Presentation on theme: "What were Hitler’s steps in Foreign Policy, 1938 – 1939 and how did Chamberlain and Britain respond? By the end of this lesson you: C – Can describe the."— Presentation transcript:
What were Hitler’s steps in Foreign Policy, 1938 – 1939 and how did Chamberlain and Britain respond? By the end of this lesson you: C – Can describe the events of the Sudeten Crisis, the Munich Conference, the Czech Crisis and the Nazi Soviet Pact. B – Can explain the events of the Sudeten Crisis, the Munich Conference, the Czech Crisis and the Nazi Soviet Pact. A – Can explain, link and prioritise the events of the Sudeten Crisis, the Munich Conference, the Czech Crisis and the Nazi Soviet Pact.
Appeasement 1.What was it? 2.Why did British governments adopt the policy in the 1930s?
REASONS: -Sudetenland contained 3 million Germans. -Contained 75% of Czechoslovakia’s industry. -Hitler wanted to control Cz to avoid a war on two fronts if he fought a war on Germany’s Western Front. -Thought USSR might invade G through Cz. -He wanted WEALTH and LEBENSRAUM.
Title: Sudetenland Crisis EVENTS: -Hitler encouraged Cz Nazi Party leader, Henlein to stir up trouble in Sudetenland. -German newspapers published stories that Cz officials had committed atrocities against Sudeten Germans. -Hitler said he use military force if no solution found. -Cz did not want to give up Sudetenland – because of industry and defences. Thought they would get support from French allies. -Chamberlain intervened and attended 3 meetings in September to try to achieve compromise (Berchtesgaden, Godesberg, Munich)
Title: Sudetenland Crisis RESULTS: MUNICH CONFERENCE: -Chamberlain and Mussolini persuaded Hitler to put off invasion of Sudetenland and attend an international conference. GB, G, Fr and It were at conference – NOT Cz. -Sudetenland was given to Germany – countries agreed to GUARANTEE Cz’s new borders. -Chamberlain and Hitler agreed the Anglo-German declaration which was an agreement between Germany and GB to settle differences through talks – never to go to war again.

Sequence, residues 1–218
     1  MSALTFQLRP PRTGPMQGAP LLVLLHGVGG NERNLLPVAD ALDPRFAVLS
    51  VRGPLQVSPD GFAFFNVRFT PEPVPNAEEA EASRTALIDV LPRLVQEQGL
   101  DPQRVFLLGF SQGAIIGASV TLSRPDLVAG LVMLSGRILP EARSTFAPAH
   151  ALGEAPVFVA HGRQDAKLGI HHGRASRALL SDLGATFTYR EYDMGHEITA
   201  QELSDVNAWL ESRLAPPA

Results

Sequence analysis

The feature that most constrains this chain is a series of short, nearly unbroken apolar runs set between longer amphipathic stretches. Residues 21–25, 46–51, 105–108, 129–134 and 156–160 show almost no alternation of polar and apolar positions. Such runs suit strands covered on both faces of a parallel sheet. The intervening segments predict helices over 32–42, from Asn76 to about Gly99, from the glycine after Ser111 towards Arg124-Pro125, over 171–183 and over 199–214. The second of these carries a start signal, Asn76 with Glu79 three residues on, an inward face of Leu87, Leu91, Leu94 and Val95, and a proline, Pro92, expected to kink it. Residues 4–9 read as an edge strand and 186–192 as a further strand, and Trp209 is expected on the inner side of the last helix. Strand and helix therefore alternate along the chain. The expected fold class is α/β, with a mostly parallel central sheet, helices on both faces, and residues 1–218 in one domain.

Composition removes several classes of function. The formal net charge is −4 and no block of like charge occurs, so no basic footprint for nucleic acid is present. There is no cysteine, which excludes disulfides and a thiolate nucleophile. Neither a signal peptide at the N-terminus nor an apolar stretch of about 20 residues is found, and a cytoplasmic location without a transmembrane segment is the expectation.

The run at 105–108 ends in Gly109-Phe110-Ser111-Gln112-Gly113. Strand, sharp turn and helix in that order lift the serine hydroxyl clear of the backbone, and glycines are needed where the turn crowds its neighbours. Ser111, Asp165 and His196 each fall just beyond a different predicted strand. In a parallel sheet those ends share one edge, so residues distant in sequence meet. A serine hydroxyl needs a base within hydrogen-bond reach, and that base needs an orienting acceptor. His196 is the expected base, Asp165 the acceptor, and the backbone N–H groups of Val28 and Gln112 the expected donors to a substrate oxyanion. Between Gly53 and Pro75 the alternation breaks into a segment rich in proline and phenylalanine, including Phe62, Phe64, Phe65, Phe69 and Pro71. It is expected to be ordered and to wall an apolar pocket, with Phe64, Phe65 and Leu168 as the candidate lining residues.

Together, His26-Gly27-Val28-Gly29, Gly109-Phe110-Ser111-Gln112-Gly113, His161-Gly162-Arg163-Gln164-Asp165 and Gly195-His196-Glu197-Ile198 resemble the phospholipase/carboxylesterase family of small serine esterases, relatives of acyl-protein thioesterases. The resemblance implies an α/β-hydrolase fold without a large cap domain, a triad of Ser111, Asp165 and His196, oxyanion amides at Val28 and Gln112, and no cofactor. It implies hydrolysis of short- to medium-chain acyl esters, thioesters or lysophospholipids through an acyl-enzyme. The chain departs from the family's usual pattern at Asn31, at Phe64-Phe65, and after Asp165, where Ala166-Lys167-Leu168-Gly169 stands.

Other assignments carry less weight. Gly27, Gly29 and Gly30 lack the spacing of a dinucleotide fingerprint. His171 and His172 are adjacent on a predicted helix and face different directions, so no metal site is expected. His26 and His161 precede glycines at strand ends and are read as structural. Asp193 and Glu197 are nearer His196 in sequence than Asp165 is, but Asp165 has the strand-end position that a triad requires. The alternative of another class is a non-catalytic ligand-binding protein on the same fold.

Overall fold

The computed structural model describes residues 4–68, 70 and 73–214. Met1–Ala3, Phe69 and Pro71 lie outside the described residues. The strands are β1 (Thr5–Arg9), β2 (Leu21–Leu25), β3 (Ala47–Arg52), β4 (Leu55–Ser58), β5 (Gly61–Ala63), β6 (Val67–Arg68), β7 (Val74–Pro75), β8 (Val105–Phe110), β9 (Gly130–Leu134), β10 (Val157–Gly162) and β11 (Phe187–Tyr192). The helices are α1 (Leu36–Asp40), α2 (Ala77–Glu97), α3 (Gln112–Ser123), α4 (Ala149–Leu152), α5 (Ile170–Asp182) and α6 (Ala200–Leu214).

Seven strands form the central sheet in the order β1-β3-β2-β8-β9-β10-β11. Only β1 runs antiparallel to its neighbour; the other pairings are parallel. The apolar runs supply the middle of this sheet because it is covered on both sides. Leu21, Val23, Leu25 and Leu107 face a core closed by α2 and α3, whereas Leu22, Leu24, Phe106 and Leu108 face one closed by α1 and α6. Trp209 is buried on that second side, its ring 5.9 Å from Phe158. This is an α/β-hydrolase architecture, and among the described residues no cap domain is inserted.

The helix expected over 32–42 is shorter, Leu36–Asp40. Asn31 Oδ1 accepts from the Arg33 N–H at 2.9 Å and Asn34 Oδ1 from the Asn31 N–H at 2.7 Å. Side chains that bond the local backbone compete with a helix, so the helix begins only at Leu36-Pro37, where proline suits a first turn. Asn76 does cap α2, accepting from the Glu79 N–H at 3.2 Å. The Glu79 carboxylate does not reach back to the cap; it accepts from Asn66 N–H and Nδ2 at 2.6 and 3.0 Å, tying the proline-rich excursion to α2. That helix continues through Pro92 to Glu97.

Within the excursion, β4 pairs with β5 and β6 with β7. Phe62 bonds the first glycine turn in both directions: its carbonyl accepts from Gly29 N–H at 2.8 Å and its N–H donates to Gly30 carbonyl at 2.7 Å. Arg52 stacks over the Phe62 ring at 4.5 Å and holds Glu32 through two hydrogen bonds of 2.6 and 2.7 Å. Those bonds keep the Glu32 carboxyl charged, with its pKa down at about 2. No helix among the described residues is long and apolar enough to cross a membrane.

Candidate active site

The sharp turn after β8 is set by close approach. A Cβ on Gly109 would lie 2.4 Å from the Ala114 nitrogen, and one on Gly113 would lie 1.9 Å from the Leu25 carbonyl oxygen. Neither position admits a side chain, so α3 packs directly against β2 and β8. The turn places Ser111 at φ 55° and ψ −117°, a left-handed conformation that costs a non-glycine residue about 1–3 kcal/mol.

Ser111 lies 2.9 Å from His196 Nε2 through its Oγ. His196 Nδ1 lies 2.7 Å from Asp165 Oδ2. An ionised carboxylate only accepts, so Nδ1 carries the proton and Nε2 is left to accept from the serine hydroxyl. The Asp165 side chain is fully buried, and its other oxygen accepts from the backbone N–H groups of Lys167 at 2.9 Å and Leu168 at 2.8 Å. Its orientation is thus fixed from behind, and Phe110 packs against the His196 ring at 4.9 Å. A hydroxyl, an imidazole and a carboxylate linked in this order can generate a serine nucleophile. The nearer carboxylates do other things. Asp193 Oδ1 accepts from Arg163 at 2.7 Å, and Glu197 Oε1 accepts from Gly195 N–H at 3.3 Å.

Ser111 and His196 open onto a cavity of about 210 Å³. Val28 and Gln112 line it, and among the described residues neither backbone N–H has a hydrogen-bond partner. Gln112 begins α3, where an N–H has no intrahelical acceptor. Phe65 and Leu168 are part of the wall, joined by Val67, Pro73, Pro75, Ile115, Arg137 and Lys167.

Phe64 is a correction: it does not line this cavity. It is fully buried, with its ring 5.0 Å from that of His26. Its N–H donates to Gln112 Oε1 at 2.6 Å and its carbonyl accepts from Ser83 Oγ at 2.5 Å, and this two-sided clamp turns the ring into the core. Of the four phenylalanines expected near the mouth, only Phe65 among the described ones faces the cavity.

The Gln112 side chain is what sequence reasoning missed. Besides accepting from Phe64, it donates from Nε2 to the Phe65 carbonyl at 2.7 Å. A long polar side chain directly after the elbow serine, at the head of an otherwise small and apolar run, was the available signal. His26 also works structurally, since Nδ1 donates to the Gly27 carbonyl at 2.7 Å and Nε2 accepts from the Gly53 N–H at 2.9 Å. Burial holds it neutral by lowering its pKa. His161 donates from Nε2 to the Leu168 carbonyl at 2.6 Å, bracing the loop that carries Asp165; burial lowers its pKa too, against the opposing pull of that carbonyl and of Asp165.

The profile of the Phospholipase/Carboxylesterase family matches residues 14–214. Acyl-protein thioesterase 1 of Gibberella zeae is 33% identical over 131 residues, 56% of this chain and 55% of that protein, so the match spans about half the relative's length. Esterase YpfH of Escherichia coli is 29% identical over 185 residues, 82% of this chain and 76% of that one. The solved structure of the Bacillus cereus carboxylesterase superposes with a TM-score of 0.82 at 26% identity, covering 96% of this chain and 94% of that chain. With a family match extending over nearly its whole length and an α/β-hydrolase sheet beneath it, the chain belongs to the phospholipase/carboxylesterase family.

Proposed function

Results of the Munich Conference Title: Results of the Munich Conference Cz - deserted by their allies, lost resources and defences against G. GB – relief at avoiding war, Chamberlain heroic. Gave GB time to re-arm. Fr – relief at avoiding war. Gave Fr time to re-arm. G – Hitler more confident than ever that GB and Fr would not stop him if he invaded Poland. USSR – Stalin angry at not being invited to conference. It – Mussolini supported Hitler during crisis, the countries became closer, resulting in 1939 Pact of Steel.
The End of Czechoslovakia Kristallnacht in November 1938 caused great concern in GB. Hitler stated his ambition to take control of the rest of Cz. Hitler put pressure on new Cz leader, Hacha, and threatened invasion. Hacha ‘invited’ in German troops to restore order (although there was no disorder). Germany took control of Cz without breaking international law.
Danzig and the Polish Corridor March 1939 – Hitler took Memel from Lithuania. GB was concerned G would try to take more land it lost at Versailles, including the ‘Polish Corridor’ and the city of Danzig. GB ‘guaranteed’ Poland’s borders on 30 th March 1939. April – Italy occupied Albania. GB and Fr guaranteed the borders of Greece and Romania. May – Germany and Italy signed the Pact of Steel, Hitler was now more confident of taking ALL of Poland.
Danzig and the Polish Corridor Hitler thought GB and Fr would not fight Germany over Poland unless they could rely on support of the Soviet Union. Stalin of the Soviet Union wanted to make a pact with Britain, but Chamberlain were slow to respond. Instead the Soviet Union (Molotov - foreign minister) made a pact with Germany (Ribbentrop – foreign minister).
Nazi-Soviet Pact Agreed not to support any third country if attacked by it. Promised not to join an alliance aimed at the other. Secretly agreed to invade and divide Poland. Allowed Soviet Union to invade and take over Estonia, Latvia and Lithuania.
Outbreak of War On 1 September 1939 German troops invaded Poland. Hitler was now very confident – he knew the Soviet Union would not support Britain and France. Britain and France issued an ultimatum demanding the withdrawal of German troops from Poland. Germany ignored this and Britain and France declared war on 3 September.